When planting our gardens, we select plants that are pleasing to us, fit well into our design and color scheme, paying attention to texture, seasonal interest and perhaps wildlife habitats. More and more we are also looking for a little help in repelling insects, rather than using manufactured insect repellents or pesticides. There are a number of plants that are happy to oblige, some of which probably have already taken up space in your garden. Below is a list of some of the more common natural insect repellents.
Plants in the mint family contain oils with aromatic properties that are repulsive to insects. This family is known to repel mosquitoes, flies, ants, mice and cockroaches. Keep in mind that the mint family is an aggressive grower, so container gardening is often a smart choice. Peppermint, basil and catnip all work well. In fact, catnip contains nepetalactone oil that is reported to be 10 times more effective in repelling mosquitoes than DEET.
Additional culinary herbs that help with repelling insects are: lemon thyme (mosquitoes), sage (flies, cabbage moths, and black flea beetles), rosemary (fleas, mosquitoes), lavender (spiders, ants and moths), chives (ants, aphids and flea beetles) and bay leaf (roaches). Dill is known to repel aphids, spider mites and squash bugs, but do not plant it near tomatoes as it can attract tomato hornworms. Dill also attracts ladybugs, an extremely beneficial insect, and swallowtail butterflies. Garlic is known to repel slugs, snails, ticks, some grubs, Japanese beetles and mosquitoes.
Flowers, such as marigolds contain pyrethrum, which is used in many insect repellents and their roots contain a chemical compound thiopenes, which repel aphids, cabbage maggots, white and black flies. They are particularly effective in repelling hornworms that prey on tomato plants. Ageratum secretes coumarin, a compound that is found extensively in manufactured mosquito repellents. Eucalyptus is another insect repellent as is beebalm, wormwood and lemon verbena.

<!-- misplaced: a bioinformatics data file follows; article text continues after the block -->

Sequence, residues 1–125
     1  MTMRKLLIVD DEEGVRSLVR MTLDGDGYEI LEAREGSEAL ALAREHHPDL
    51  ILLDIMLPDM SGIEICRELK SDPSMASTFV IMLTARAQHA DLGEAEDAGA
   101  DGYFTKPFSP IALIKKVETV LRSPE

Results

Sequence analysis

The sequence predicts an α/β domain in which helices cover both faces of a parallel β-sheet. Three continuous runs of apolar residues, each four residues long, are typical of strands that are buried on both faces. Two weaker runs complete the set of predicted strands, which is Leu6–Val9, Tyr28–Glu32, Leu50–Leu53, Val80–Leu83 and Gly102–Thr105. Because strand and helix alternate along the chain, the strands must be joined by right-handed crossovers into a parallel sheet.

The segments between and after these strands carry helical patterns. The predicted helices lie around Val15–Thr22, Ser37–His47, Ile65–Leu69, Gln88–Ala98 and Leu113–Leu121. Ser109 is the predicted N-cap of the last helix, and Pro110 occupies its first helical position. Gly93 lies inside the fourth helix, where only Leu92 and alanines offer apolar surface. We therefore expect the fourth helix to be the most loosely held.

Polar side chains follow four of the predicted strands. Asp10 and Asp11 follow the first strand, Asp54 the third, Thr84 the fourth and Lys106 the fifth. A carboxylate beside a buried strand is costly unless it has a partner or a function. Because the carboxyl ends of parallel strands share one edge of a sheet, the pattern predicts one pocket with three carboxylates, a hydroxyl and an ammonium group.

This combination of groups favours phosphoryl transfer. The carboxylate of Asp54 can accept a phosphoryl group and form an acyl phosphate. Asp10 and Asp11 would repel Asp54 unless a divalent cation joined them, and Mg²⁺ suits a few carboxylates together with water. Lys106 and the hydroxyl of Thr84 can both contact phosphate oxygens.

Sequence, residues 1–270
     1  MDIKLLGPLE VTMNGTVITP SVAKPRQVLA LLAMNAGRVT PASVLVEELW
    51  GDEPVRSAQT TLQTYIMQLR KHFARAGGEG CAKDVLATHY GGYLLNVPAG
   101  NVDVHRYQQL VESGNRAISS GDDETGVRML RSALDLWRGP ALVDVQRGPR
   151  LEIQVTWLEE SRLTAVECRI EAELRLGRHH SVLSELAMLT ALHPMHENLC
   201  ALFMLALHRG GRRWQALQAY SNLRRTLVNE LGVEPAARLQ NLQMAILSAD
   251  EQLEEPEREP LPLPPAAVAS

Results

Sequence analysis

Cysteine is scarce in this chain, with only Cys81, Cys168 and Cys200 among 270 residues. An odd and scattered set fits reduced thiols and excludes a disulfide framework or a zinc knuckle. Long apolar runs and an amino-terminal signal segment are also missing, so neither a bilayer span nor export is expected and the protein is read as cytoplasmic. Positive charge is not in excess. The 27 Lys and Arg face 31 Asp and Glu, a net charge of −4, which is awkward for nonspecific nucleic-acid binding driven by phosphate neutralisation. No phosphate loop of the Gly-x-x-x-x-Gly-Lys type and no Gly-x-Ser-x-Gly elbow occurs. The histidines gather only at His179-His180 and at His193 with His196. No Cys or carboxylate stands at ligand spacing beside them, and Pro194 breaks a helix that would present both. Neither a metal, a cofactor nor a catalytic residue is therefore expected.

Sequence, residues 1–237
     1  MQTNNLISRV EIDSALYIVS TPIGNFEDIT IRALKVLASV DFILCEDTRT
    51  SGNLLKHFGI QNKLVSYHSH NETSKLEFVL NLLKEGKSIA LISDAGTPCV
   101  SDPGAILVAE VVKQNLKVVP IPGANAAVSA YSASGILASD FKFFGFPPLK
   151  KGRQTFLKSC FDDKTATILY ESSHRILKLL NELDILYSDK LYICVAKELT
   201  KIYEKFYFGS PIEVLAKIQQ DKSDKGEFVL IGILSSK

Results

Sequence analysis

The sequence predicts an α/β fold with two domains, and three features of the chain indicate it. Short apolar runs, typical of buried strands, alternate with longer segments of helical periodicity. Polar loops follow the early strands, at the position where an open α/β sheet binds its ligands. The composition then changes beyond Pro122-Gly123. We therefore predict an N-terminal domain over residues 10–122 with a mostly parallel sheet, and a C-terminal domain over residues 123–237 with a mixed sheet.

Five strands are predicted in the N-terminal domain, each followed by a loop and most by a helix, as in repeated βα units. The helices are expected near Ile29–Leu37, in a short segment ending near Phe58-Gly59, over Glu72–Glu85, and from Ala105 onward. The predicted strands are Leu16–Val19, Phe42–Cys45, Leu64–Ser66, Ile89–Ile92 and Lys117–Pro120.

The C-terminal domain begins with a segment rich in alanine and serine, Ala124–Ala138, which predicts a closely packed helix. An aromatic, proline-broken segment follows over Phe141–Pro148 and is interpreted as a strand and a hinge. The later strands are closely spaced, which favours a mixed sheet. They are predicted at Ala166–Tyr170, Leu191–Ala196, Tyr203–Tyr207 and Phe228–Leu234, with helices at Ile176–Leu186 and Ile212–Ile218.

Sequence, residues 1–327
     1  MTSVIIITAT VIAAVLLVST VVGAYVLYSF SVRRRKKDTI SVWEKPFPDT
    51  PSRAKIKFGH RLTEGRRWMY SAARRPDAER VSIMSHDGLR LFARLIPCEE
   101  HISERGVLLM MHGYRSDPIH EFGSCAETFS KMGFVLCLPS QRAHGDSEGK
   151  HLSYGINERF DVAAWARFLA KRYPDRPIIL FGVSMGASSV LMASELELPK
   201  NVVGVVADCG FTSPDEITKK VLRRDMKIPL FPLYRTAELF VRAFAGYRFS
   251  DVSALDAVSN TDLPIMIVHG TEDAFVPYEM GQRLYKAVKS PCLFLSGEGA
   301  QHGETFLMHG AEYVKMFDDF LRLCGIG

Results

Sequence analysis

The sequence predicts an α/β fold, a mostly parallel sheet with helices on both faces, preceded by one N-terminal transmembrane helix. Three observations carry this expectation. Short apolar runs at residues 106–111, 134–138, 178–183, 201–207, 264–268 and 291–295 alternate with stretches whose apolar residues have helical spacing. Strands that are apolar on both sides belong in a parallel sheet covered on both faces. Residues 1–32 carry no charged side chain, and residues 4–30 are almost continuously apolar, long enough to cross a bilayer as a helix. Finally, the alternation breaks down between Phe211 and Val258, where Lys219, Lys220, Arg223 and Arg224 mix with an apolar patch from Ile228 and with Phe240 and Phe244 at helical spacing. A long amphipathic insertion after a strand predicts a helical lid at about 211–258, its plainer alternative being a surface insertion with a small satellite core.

The citronella plant, a member of the geranium family, is helpful with mosquitoes, cabbage worms and Japanese beetles. Citronella grass works the same way. Chrysanthemums also contain pyrethrum. This plant works well against roaches, fleas, ticks, bedbugs, lice, silverfish and ants. Petunias deter tomato hornworms, asparagus beetles, leaf hoppers, Mexican bean beetles and aphids. A tea made with petunias leaves can be a potent insect repellent.
All the above herbs, flowers and plants can help repel insects in your garden, but my favorite is lemon balm. I have had lemon balm growing in my herb garden for years. It is a little aggressive, so some containment is required. I have found nothing as effective in controlling insects. If I am out gardening and it is a particularly buggy day, I grab some leaves and rub them on my arms, legs and neck and carry on virtually insect free and the scent is very pleasing.
Keep in mind that it is the oils in the leaves of these plants that repel insects, so it helps if the leaves are shaken or crushed to get maximum protection. You can gather some leaves, crush them and place them in a decorative bowl on your patio table. Or you might want to make your own repellent by adding crushed leaves, especially from the herbs, to vodka, which is a proven mosquito repellent and letting it sit for about 12 hours. Once infused take your mixture and pour it into a spray bottle and use as you would any repellent. I have never tried this homemade mixture before, but I mean to this year and might even bring it to picnics in a pretty little spray bottle as a hostess gift. Happy gardening!
Marilyn Fanning | Greenhouse Design and Sales